“If our political institutions were perfect, they would absolutely prevent the political domination of money in any part of our affairs. We need to make our political representatives more quickly and sensitively responsive to the people whose servants they are. More direct action by the people in their own affairs under proper safeguards is vitally necessary… It is particularly important that all monies received or expanded for campaign purposes should be publicly accounted for not only after election, but before election as well. Political action must be made simpler, easier, and free or from confusion for every citizen.”
This quotation from Theodore Roosevelt’s New Nationalism speech about the need for electoral reform is as urgently relevant as it was in 1910. It neatly summarized the goals such a reform should have:
The reduction of the influence of special interest money and power
Increasing voter participation, while also
Creating more confidence in the electoral process and outcomes
Strengthening ethics and conflicts of interest rules for political leaders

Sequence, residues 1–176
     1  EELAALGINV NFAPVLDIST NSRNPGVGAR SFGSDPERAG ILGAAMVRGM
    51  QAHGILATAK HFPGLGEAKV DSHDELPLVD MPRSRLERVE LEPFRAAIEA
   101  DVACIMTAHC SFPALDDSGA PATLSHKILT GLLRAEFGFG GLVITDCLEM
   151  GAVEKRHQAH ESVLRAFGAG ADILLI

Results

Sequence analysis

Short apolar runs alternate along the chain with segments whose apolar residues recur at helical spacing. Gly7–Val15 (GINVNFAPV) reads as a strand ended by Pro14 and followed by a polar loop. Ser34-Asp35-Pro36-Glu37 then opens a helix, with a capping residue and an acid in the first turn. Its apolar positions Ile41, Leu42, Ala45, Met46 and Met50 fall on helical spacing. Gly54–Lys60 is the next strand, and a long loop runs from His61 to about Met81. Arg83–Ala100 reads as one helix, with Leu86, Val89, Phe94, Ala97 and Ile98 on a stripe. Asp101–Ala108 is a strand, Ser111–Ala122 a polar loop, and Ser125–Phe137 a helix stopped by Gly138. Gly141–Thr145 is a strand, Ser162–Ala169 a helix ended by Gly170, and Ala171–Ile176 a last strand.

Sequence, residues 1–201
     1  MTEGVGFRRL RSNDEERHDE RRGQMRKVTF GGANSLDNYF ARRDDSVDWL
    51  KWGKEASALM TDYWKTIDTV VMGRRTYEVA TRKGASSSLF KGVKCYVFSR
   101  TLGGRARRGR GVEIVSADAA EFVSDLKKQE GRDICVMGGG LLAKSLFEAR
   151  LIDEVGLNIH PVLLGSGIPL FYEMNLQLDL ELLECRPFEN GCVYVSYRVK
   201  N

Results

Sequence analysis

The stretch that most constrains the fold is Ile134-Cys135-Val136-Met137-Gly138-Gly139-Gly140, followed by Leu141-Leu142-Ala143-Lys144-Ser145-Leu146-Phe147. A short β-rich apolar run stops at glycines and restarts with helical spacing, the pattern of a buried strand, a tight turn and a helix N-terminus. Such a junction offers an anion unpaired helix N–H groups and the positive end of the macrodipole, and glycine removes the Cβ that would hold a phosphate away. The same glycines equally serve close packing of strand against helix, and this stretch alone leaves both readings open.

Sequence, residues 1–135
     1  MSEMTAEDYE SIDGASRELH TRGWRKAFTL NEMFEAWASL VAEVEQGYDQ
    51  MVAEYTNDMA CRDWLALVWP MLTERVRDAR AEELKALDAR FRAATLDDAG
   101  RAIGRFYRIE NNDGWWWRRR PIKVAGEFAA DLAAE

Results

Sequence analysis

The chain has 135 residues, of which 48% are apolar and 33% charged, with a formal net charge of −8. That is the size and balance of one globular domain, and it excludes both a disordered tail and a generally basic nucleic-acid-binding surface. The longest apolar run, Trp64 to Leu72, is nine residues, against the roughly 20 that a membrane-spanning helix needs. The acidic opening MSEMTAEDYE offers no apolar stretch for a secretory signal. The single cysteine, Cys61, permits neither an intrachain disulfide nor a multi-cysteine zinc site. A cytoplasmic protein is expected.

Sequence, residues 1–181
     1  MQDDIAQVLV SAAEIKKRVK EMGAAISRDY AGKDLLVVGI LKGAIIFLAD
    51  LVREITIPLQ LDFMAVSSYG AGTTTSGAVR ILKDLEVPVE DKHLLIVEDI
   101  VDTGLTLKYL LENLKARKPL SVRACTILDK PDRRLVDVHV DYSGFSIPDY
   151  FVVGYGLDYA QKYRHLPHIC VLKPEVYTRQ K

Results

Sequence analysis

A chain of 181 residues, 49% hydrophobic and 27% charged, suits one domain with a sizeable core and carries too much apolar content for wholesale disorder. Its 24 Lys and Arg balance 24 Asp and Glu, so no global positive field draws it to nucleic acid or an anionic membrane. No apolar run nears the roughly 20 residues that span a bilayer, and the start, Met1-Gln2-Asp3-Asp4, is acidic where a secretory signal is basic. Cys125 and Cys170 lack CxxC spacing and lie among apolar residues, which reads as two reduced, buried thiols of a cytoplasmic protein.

The Senate will soon be considering a package of political and electoral reforms called the For the People Act (HR 1) passed on a party-line vote by the Democratic majority in the House of Representatives. It is a massive mash-up of changes in election law in the following areas:
Voter Registration and Rights
Election Integrity and security
Campaign Finance Transparency
The bill contains some necessary changes to achieve the four goals mentioned above. However, it also contains provisions that would actually reduce confidence in our democratic institutions and potentially increase the influence of foreign money and special interests. I will highlight the good, bad and ugly provisions over the next few posts. The ugliness of some of the changes will require significant amendments to the bill for it to achieve TR’s vision.